• Event Transmission (e.g. State changes)
    • Context Information Exchange (eg. Status, mood, location)
    • Realtime Information Retrieval (e.g. Positioning data)
  • 11. 6.3: Reliable UDP (One-Way Message Exchange Pattern) Roles are swapped for request-response MEP 1 k N j i X 1 2 2 i j k N j Segment Buffer
    • Possible Use Cases
    • P2P Instant Messaging Services
    • Transportation Sector (e.g. Airlines, trains, buses)
    • Courier Services (e.g. Address changes)
    • As an alternative to HTTP
    Only one ACK/NACK is transmitted
  • 12. 7: Selective Repeat ARQ (Explicit Request)  Selective Repeat attempts to retransmit only those packets that are actually lost. Required due to packet size constraint.  Explicit NACK is sent for only lost packets.  Packet assembly is done at the receiver when all packets are received and buffered in correct sequence.  Segmentation is done by the sender in adjustable sized chunks of bytes. Seq. No. Flag S, C, E UUID UDP Headers SOAP Data Current Time [msec], IP-Addr. In HEX , Object hash code , Random Number
  • 13. 8: Mobile Web Service Server Architecture Server UI decoupled from the business logic. Common for both listeners.
  • 14. 9: Performance Analysis (Measurements) 9.1: RTT: Reliable UDP Vs HTTP Including HTTP/TCP Processing Overhead Major Selective Repeat latencies are discarded, since not comparable to low-level TCP ARQ Java performance, memory and bytecode loading time overhead exists Mean RTT of the Reliable UDP ≈ 20-25% of RTT of the HTTP (On laptop)
  • 15. 9.2: RTT: Unreliable UDP Vs Reliable UDP Extra time for NACK processing, additional headers ... No re-transmission in this case
  • 16. 9.3: Processing: Reliable UDP Vs HTTP
    • Request Handling
    • Duplicate Detection
    • XML Parsing
    • Response SOAP Headers
    • UUID Generation
  • 17. 10: Analytical Model of Selective Repeat ARQ over UDP P lost : Probability for loss of datagram n D : Number of datagrams to be send T D : Transmission time of a datagram T timeout : Timeout T NACK : Transmission time for NACK n lost : Number of lost datagrams n x : Number of datagrams except last one excluding the last one CASE: No datagram loss CASE: Last datagram lost CASE: n lost datagrams lost Mean Transmission Latency of sending SOAP over reliable UDP using selective-repeat ARQ
  • 18. 10.1: Comparison With HTTP Model Used Model Used Without Loss Probability With Loss Probability Model Used Model Used HTTP UDP Analytically the UDP performance ≈ 25% of the TCP Analytically the UDP performance ≈ 17% of the TCP
  • 19. 11: Theses  Web Service invocation over reliable UDP can be used as a substitute to the default SOAP/HTTP binding in mobile communication environment for better performance.  The reliable UDP with selective-repeat ARQ (explicit request) as a reliability mechanism is approximately 20-25% faster than the HTTP on average.  Unreliable UDP binding enables the sending of multicast probe messages in ad-hoc environments to consume and announce Mobile Web Services hosted by and to its peers respectively.  The analytical model can be used to calculate the mean transmission latency of the SOAP messages over UDP in mobile communication environment.  The analytical model has been validated against the measurements.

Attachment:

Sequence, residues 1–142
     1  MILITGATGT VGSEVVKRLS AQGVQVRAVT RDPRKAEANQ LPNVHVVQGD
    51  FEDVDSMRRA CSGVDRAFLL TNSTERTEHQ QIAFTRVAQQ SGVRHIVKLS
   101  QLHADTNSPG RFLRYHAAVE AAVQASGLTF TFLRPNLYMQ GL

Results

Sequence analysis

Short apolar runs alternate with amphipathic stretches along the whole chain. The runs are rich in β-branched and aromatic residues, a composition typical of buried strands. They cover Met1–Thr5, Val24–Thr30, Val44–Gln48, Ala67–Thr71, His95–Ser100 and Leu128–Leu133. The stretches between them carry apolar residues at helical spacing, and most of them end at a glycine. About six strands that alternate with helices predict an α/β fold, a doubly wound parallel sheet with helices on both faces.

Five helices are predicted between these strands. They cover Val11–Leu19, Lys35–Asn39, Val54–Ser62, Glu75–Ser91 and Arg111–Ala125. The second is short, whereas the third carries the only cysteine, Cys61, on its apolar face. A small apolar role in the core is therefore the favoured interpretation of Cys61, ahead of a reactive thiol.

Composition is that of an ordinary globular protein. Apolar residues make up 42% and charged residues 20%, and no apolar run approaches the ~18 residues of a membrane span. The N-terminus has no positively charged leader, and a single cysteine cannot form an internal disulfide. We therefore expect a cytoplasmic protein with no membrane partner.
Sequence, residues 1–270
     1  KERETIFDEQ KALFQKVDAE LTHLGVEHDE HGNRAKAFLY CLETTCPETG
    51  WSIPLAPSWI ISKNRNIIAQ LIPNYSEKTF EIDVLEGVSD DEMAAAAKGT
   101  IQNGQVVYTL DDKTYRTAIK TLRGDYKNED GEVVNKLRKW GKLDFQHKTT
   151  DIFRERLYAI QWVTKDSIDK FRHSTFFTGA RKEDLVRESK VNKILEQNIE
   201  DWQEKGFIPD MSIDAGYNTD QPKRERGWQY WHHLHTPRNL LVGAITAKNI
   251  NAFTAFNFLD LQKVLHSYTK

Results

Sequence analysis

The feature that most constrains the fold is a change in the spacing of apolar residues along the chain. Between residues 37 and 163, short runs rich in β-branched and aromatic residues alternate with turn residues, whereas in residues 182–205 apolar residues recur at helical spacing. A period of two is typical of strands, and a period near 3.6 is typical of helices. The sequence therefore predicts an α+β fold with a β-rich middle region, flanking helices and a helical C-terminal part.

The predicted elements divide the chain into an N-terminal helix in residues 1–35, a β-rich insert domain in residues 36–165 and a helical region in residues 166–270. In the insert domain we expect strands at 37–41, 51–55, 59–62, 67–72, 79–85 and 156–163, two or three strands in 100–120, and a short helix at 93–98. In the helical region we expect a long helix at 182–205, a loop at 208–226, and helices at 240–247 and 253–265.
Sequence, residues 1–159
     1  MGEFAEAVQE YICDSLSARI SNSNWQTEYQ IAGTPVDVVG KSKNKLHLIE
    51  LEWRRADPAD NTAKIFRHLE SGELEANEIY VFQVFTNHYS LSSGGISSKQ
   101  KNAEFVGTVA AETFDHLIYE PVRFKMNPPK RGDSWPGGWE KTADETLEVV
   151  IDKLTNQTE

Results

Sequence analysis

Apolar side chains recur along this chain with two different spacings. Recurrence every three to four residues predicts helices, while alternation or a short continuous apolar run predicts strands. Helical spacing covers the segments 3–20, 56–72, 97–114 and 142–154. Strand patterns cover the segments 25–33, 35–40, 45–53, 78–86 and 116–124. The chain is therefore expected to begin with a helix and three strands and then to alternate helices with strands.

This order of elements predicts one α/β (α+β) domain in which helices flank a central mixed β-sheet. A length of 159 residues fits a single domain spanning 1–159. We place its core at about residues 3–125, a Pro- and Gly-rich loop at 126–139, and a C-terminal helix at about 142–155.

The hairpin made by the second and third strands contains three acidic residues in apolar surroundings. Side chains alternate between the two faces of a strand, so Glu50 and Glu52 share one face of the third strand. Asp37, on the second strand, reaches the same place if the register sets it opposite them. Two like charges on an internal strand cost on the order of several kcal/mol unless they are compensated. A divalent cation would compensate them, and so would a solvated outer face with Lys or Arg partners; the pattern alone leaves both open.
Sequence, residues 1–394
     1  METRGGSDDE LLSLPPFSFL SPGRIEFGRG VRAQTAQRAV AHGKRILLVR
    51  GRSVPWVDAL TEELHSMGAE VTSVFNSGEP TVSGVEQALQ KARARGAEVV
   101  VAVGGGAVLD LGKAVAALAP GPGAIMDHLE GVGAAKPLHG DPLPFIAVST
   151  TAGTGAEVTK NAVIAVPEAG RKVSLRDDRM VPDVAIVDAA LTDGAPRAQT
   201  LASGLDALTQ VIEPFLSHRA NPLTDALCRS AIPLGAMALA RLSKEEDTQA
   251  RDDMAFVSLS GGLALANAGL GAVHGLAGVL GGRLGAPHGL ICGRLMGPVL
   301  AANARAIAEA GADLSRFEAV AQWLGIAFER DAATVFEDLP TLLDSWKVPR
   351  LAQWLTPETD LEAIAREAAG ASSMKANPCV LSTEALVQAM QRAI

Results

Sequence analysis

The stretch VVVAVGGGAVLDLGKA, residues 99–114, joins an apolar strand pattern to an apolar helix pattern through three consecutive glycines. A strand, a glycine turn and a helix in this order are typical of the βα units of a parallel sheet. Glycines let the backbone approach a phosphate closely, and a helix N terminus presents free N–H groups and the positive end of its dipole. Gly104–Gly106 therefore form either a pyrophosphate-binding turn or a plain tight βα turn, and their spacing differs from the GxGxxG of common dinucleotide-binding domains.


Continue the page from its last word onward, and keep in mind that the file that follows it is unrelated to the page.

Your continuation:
• 20. 12: Summary & Outlook
    • Flow control shall be realized to avoid receiver overloading and network congestion.
    • Analytical model can be extended further for handling the cases of multiple retransmissions.
    • SOAP message compression at the Server can be integrated for smaller message sizes. J2ME compression libraries can be used.
    • In general, message encryption using WS-Security specification can be integrated within the middleware architecture to ensure secure message transmission. This has already been realized at ComNets.
    • Realization of reliable and unreliable UDP SOAP-Binding that conforms to the SOAP-over- UDP specification and in addition, enhances the recommendation.
    • Designing and implementation of two reliability mechanisms for SOAP message transmission, the back-Off algorithm and selective-repeat ARQ.
    • Realization of the duplicate detection mechanism.
    •  Implementation of the session management at the SOAP level, conforming the Web Service Addressing specification to support message correlation.
    •  Designing of two versions of transport module for sending and receiving SOAP messages using reliable or unreliable transmission mechanisms.
    • Performance evaluation of the UDP SOAP-Binding in comparison to the default HTTP binding.
    • Analytical model to calculate mean transmission latency of sendinf SOAP messages over UDP.
    Outlook Summary
  • 21. 13: End of Presentation
    • Thank you for your attention !
    • Questions?
    • Fahad Aijaz
    • [email_address]
  • 22. Selective Repeat ARQ State Machine